Five countries were represented by the speakers on the second day of the #PAMRO2019 conference, followed by a tour of the beautiful host island of Mauritius.
First on stage were Ejaz Mirza and Bev Tigar, assistant vice president of client development for the Middle East and Africa, and lead client development consultant for Africa respectively at Borderless Access. Their presentation was titled ‘Journey to the centre of the mind – decoding consumer’s decision making’.
It included a case study for a Unilever campaign, which highlighted the benefits and effectiveness of digital research methods.
They enable deep insights into consumers as respondents interact and engage throughout the day and week in their own time and spaces. They also produce dependable results, and provide in and out of home usage data for consumers. Closeness to real-time feedback from respondents is also a major benefit.
At the end of the conference, Mirza and Tigar were named as the PAMRO Partner Paper Award winners.
The other news
The second presenter was John Murunga, regional director for East Africa at Geopoll. He was talking about satirical talk shows and their place in Africa.
“Satirical news is nothing new. But on the African continent it has to be carefully created and curated. Local writers and presenters are needed,” said Murunga.
In order to gain insights and understanding towards the sentiment of satirical talk shows on the continent, mobile research was utilised, as Murunga commented that it gave several advantages over traditional methods.
“Combining mobile video surveys with ratings data allowed for richer information in our research around satirical news, particularly its resonance and audience,” he explained.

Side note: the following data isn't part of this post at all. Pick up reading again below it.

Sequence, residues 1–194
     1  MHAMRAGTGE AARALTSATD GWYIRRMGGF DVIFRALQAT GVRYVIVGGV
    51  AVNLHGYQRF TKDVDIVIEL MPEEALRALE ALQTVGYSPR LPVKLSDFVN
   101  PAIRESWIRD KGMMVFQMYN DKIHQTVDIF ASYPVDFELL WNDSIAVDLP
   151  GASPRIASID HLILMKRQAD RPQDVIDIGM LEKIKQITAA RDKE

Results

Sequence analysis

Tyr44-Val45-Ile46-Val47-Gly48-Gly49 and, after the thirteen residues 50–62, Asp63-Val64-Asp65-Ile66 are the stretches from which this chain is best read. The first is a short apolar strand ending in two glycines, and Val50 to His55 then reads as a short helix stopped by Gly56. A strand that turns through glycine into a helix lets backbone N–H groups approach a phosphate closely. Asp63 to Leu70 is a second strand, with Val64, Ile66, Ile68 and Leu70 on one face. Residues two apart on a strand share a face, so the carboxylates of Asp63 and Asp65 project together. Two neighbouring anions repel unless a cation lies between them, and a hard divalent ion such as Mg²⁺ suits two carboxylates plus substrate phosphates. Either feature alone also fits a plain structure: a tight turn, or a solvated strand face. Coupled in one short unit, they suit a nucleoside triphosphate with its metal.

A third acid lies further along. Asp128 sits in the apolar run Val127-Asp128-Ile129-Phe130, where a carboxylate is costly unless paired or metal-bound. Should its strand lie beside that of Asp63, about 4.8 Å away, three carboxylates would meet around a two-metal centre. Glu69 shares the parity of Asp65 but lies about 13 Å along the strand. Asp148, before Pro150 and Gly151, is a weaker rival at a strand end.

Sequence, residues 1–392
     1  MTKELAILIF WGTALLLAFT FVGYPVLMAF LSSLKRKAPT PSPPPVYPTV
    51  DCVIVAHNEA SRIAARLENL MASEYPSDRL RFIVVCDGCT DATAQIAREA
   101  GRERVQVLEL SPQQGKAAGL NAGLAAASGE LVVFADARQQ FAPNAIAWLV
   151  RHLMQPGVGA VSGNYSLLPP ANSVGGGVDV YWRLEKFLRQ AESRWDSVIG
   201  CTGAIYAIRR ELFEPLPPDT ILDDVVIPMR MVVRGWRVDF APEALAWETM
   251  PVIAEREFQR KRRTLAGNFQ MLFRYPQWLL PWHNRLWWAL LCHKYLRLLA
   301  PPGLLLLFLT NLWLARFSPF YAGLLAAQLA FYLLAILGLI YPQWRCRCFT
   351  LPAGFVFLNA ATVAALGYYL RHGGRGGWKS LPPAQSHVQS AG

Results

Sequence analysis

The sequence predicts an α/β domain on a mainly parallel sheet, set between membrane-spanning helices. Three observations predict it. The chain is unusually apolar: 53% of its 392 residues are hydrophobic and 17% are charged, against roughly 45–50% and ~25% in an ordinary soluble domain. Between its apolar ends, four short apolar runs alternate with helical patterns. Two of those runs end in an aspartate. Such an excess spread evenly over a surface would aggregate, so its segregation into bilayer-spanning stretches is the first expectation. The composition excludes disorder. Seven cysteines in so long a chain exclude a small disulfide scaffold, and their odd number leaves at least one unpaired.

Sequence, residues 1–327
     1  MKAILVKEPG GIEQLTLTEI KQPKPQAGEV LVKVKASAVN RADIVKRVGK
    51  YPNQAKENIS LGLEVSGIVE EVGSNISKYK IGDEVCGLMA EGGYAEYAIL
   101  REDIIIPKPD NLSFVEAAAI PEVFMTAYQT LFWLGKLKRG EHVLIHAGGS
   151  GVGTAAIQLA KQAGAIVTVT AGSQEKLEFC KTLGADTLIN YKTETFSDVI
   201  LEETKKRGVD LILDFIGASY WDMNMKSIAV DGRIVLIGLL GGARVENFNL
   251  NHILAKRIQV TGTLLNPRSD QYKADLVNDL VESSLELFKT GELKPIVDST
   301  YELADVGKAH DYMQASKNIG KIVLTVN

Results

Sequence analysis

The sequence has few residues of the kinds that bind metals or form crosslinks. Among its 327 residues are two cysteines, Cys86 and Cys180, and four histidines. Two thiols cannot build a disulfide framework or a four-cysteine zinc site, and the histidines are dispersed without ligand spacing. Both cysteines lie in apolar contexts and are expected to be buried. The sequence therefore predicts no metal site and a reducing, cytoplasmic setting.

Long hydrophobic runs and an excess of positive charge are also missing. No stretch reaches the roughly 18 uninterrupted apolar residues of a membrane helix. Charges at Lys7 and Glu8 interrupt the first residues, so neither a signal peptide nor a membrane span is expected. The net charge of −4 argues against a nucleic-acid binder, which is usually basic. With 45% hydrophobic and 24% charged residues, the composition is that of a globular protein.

New Zealand’s readership currency journey
Switching from Africa to Australasia, the next presentation took attendees on an in-depth journey through the evolution of New Zealand’s readership currency and research. It was delivered by Caroline Atford, managing director of Nielsen Media in New Zealand.
She identified three lessons that were learnt along the way. Firstly, put the respondent experience first. “We simply copied the face to face survey to digital, but it was too long. It can’t simply be a translated survey from print to digital. It was a bad experience with low completion rates,” she commented around the move from in-person research to digital.
Secondly, enhance the online sample by using phone recruitment. “We were struggling to get the quotas for the representation aspect of the survey. It needed to be representative of the New Zealand population … We introduced telephone recruitment in order to boost our quotas,” she explained.
Thirdly, account for biases.
Balancing samples in an unbalanced world
The final presentation before the morning tea break was given by Peter Langschmidt of the Publisher Research Council of South Africa (PRC SA).
He focused on why classic face to face audience research is increasingly unable to measure the top end of society, starting with how Africa is the most inequitable continent in the world.